Page:A History of the Inquisition of the Middle Ages-Volume I .pdf/529

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])roperty were left to him ; but as he had for ten years been a contumacious and proscribed fugitive, these fines must have been taken out of his estate in the hands of the State. Apparent exception» such as these can be accounted for, and the proceedings of the Inquisition as a whole indicate that imprisonment and confiscation were inseparable. Sometimes, even, it is stated in sentences passed upon the dead that they are pronounced worthy of imprisonment in order to deprive the heirs of succession to the estates. At a later date, indeed, Eymerich, who dismisses the whole matter brief- ly as one with which the inquisitor has no concern, speaks as though confiscation only took place when a heretic did not repent and recant before sentence, but his commentator, Pegna, easily proves this to be an error. Zanghino assumes as a matter of course that property is forfeited by the act of heresy ; and he points out that pecuniary penances cannot be imposed because the whole estate is gone, although there may be mercy shown at discretion with the assent of the bishop, and simple suspicion is not subject to confiscation.[1]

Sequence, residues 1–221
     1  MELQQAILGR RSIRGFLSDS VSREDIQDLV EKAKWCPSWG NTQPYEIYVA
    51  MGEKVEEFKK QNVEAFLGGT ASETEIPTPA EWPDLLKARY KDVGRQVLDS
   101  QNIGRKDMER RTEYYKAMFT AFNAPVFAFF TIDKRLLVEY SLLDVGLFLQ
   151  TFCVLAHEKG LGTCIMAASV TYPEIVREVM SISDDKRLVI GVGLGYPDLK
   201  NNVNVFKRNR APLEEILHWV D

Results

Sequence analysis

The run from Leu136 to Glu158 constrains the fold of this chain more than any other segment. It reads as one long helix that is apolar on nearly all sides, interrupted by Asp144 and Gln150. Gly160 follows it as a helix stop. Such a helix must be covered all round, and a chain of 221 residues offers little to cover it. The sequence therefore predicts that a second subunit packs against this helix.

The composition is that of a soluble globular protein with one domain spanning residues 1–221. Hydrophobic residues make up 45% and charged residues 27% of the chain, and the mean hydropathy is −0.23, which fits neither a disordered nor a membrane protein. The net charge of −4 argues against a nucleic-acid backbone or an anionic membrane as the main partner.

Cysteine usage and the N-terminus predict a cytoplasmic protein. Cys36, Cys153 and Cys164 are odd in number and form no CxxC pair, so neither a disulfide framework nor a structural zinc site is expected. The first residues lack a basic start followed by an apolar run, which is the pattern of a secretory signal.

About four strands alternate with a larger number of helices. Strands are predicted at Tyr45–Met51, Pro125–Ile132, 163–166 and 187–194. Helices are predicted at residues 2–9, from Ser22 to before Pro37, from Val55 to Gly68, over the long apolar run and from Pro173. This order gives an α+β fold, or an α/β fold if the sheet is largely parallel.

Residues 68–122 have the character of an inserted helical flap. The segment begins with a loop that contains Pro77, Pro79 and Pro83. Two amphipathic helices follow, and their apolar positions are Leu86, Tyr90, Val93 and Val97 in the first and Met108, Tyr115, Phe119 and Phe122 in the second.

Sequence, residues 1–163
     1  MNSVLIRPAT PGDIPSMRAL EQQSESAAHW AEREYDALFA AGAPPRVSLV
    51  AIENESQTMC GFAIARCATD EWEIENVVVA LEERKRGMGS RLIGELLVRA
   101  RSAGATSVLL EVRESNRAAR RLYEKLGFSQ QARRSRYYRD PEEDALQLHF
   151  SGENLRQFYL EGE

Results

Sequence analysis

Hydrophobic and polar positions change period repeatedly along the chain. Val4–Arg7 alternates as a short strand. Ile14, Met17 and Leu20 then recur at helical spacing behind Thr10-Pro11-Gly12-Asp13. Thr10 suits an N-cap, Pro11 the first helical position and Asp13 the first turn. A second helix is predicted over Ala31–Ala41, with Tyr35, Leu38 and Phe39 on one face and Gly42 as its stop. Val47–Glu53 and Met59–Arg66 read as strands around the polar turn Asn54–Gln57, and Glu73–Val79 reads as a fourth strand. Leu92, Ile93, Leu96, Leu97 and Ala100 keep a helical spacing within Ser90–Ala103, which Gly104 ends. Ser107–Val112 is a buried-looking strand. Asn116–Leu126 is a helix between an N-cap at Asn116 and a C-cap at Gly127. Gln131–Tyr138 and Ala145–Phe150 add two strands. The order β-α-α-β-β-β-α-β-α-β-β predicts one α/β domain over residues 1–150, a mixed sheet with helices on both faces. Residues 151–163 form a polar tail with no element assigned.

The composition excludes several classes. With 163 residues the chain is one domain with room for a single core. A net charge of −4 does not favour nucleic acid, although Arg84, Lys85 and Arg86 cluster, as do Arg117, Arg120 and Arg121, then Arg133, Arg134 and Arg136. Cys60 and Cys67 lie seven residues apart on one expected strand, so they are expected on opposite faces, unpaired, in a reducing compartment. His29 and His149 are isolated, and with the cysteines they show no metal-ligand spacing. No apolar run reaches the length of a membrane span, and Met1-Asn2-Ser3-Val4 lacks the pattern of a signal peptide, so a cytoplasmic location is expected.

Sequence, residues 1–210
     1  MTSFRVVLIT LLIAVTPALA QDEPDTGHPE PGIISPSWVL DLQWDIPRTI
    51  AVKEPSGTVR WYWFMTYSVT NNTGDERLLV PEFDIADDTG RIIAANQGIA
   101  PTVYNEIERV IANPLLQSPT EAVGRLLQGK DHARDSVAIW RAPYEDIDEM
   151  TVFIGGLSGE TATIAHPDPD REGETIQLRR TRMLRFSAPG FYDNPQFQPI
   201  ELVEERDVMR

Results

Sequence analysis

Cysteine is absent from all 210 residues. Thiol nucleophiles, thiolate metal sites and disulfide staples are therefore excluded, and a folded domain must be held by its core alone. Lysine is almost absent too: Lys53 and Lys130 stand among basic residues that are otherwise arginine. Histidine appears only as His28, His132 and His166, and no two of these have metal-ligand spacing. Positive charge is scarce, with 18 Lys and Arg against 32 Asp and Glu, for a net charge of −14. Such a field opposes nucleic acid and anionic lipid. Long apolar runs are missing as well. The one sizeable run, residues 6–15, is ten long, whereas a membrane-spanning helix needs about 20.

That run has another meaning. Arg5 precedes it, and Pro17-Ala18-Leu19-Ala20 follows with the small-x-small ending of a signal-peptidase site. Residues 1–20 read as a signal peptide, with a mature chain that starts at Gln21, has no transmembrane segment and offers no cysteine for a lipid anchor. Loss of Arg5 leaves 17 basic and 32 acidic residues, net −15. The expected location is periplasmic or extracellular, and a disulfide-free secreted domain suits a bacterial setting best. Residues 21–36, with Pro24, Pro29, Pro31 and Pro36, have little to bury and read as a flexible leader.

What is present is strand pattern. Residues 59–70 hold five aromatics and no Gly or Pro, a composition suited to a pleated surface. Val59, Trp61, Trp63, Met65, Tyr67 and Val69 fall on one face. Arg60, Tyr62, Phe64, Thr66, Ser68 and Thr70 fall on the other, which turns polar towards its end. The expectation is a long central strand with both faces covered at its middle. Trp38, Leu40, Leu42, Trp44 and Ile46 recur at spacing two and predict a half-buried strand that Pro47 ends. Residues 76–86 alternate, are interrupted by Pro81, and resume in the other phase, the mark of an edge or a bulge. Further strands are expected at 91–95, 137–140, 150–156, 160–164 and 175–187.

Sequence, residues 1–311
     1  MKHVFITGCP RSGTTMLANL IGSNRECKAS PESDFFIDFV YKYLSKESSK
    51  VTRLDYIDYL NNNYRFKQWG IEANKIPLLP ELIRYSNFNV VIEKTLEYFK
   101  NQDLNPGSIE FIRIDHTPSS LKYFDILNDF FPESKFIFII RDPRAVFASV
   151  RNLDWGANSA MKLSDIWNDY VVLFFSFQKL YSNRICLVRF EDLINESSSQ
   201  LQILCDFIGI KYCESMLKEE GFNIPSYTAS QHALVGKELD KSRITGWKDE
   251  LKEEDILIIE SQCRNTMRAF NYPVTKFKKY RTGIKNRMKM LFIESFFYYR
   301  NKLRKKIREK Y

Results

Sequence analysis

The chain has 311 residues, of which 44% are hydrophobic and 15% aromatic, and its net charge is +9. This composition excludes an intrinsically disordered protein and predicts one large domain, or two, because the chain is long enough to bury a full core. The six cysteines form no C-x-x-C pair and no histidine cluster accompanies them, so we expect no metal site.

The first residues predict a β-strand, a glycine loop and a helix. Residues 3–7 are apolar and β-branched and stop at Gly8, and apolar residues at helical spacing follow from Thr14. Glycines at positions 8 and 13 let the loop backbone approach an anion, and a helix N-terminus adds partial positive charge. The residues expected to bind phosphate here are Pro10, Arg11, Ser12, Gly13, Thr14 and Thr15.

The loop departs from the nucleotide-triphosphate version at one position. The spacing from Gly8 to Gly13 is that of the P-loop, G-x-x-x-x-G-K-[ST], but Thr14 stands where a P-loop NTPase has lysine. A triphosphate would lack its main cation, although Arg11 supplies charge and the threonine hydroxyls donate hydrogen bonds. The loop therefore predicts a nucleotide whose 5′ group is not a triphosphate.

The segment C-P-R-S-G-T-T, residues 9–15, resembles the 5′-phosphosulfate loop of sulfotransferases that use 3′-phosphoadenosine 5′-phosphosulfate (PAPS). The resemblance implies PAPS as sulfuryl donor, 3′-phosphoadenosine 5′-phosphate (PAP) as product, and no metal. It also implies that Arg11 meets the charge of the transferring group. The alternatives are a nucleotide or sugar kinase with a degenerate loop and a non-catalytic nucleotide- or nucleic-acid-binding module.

In the early zeal of persecution everything was swept away in wholesale seizure, but, in 1237, Gregory IX. assumed that the dowers of Catholic wives ought to be exempt in certain cases, and in 1247 Innocent TV. erected it into a rule that such dowers should be restored to the wives and should not be included in future forfeitures, although heresy would not justify divorce, and, in 1258, St. Louis accepted this rule. It was subject to serious limitations, however, since under the canon law the wife could not claim it if she had been cognizant of the husband's heresy when she married, and, according to some authorities, if she had lived with him after ascertaining it, or even if she had failed to inform against him within forty days after discovering it. As the children were incapable of inheritance, she only held the dower for life, after which it fell into the fisc.[2]

  1. Archives dc I'Inq. de Carcassonne (Doat, XXXI. 152). — Berger, Registres d'Innoc. IV. No. 1844.— MSS. Bib. Nat., fonds latin, No. 9992.— Lib. Sentcntt. Inq. Tolosan. pp. 158-62. — Arch, dc I'lnq. dc Carcassonne (Doat, XXVII. 98).— Eymcric. Direct. Inquis. pp. G63-5. — Zanchini Tract, de Hajret. c. xviii., xix., xxv.
  2. Archives de Tfiveche de Beziers (Doat, XXXI. 35).— Potthast No. 12743.— Isambert, I. 257.— C. 14 Sexto v. 2.— Zanchini Tract, de Ha^ret. c. xxv. — Livres de Jostice et de Plot, Liv. I. Tit. iii. § 7.